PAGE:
meet in about half an hour. >> we will be carrying that live. kristin fisher at the white house. >> third first i want to throw you to some sound from the mayor of new york city, bill de blasio, just a few moments ago talking about reopening schools and describing what he sees possibly happening. watch. >> when we know that health and safety mean social distancing and therefore we have to use a lot more space for fewer kids, it makes it very clear the approach we will use is splendid union. learning. that means at some point in the week you are learning in person in the classroom and at other points in the classroom you are learning remotely. we all know that remote learning is not perfect but we've also seen a lot of kids benefit
greatly from it. >> sandra: so blended learning. we will see what the governor of new york andrew cuomo has to say because they've been at odds with some of these decisions. >> as kristin mentioned in her piece the white house has wrapped up the order that came out of the white house yesterday about foreign exchange students with the panel that they had at the white house yesterday. this is very much a hot-button issue and as with all things now and the coronavirus, it's very political. the country is really split. pulls a week ago show 50% of folks are somewhat or very uncomfortable with reopening schools in the fall and a lot of districts are coming up with this idea of blended learning. but as trump and others have pointed out, there are plenty of folks including the american a pediatric association that came out and said we need to get kids back to school. it's better for them from a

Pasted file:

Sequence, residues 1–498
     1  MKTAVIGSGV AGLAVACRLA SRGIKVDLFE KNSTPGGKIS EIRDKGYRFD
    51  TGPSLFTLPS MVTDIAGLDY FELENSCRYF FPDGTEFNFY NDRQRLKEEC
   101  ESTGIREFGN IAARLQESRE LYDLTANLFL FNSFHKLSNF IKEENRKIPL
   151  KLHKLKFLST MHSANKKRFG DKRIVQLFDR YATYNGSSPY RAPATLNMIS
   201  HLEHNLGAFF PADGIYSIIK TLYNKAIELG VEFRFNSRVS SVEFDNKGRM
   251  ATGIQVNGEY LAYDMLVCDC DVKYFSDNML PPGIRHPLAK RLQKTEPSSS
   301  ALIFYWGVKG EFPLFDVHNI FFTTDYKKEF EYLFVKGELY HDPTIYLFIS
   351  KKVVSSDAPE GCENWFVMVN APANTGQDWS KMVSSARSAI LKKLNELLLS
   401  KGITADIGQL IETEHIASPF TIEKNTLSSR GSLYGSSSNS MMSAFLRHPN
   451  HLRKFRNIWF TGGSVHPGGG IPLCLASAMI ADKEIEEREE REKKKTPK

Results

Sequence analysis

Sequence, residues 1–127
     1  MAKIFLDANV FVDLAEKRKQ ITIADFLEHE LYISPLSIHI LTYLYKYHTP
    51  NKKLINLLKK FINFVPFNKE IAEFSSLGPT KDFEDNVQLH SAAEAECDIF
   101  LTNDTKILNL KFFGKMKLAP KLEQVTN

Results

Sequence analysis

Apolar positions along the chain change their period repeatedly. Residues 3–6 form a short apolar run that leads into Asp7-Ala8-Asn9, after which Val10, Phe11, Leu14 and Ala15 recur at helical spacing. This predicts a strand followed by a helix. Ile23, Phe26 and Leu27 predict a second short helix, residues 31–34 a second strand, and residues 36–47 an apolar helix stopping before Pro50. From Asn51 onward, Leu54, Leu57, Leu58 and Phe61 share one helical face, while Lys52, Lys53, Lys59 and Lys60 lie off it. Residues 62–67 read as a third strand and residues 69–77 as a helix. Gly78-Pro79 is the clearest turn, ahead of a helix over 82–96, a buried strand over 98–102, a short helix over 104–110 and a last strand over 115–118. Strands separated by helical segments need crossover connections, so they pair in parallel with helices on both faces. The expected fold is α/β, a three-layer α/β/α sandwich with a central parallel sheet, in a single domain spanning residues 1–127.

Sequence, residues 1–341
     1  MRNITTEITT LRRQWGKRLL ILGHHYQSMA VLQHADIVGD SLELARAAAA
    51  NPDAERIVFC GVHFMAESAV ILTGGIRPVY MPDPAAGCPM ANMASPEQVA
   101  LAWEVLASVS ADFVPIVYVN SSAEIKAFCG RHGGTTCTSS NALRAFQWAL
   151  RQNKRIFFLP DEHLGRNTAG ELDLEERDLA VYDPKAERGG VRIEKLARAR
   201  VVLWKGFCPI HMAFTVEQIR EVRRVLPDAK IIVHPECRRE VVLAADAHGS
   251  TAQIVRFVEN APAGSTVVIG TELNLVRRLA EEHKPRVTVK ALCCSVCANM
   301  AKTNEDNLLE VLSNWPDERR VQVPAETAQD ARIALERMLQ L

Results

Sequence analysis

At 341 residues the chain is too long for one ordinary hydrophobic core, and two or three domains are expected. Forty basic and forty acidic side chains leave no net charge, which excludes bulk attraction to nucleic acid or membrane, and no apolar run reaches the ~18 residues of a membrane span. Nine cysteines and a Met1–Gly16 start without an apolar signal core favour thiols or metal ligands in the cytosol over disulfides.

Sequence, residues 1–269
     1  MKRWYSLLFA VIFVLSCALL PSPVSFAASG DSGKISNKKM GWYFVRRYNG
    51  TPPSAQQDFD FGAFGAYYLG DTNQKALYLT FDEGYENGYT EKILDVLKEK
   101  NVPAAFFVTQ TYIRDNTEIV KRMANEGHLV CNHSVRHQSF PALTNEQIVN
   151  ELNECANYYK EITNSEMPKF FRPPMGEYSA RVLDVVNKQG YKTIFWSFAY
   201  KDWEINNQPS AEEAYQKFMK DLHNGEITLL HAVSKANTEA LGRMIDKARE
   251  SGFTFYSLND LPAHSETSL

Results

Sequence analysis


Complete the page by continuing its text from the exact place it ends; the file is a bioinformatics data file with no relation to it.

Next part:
psychological standpoint, and an education standpoint. the president is using all the tools at his disposal to try to make this happen. >> sandra: this is so incredibly important, a few moments from now in that briefing begins. meanwhile we talked to the former education secretary margaret spelling last hour. what happens if we do get our kids back to school in the classroom for some form of in person learning and that you learn of a positive case with a teacher or student, and she said this. >> that's why it's important to tell parents now that we have fought through contingencies. if there's a case that breaks out or a teacher is infected or whatever, here's what's going to happen. here are your options as a parent for online or in person or a combination. i don't see people fearmongering, i see people allegedly trying to answer and,
they have accused some of the fearmongering over the need to get people back to school. but some are fearmongering and she says a lot of it is politics. >> and, and now they are saying trump is trying to kill the ki kids. they are trying to strike the balance between public health and getting kids back in school. trump has clearly staked out his position on one side even to the point where he's disagreeing publicly with his own cdc and the guidelines that they have put out and their argument obviously is, we don't take these kind of precautions even for the flu and the kids are more susceptible to the flu than they are the coronavirus according to all the data that's